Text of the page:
Most of the discussion surrounding the Cavaliers has been about their defense. The Cavaliers were ranked 20th in points per game this year, allowing opponents to score 107.2 ppg and tied 16th in field goal percentage, allowing opponents to shoot 45 percent from the field.
Let’s look back at their past two seasons defensively. The Cavs 2014-15 season: 13th in opponents points per game (98.7) and tied 20th for opponent field goal percentage (45%). The Cavs 2015-16 season: 4th in opponent points per game (98.3) and 14th in field goal percentage (44%).
Even if they put out their best defensive lineup (which I’m not sure the Cavs even know), it won’t be nearly as effective as their lineup last year or the year before that. We all underestimated, including the Cavaliers, the effect of not re-signing Timofey Mozgov and Matthew Dellavedova.
Mozgov served as a good rim protector and someone you could count on to consistently alter shots in the paint. Even though his 2015-16 season wasn’t as strong as his 2014-15 season, he still served as a solid defensive anchor. Dellavedova brought toughness, shooting, and was a sure thing to agitate the opposing team’s point guard on a nightly basis.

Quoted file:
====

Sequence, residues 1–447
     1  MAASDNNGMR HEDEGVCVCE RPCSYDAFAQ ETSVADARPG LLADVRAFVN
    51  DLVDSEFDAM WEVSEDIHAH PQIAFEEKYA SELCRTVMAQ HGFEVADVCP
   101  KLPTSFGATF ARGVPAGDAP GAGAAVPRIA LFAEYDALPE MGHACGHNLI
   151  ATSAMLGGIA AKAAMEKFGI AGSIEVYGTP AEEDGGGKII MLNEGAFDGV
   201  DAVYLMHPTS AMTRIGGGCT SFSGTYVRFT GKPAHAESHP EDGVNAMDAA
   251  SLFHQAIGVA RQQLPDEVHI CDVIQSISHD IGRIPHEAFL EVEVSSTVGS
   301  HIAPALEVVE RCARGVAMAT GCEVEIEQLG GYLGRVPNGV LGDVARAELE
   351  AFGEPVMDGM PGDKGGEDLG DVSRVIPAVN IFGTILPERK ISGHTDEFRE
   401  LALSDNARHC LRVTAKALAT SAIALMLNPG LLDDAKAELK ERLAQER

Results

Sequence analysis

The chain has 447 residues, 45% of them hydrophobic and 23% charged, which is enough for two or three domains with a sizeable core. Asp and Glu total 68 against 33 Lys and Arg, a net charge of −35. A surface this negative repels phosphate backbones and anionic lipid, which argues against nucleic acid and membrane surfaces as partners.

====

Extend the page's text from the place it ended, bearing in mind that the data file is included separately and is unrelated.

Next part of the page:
Adding players like Channing Frye, Kyle Korver, and Deron Williams to the roster this season didn’t help the team defensively but simply bulked up what was already an offensive powerhouse.
The smartest defensive decision the Cavaliers made in game 1 was to double team Paul George on the last possession when the Pacers had an opportunity to win the game. Eventually, that made the Pacers settle for a missed jump-shot by C.J. Miles. It’ll be interesting to see if coach Tyronn Lue inserts Iman Shumpert back into the rotation who didn’t play in game 1 and also the Cavaliers defensive approach to game 2.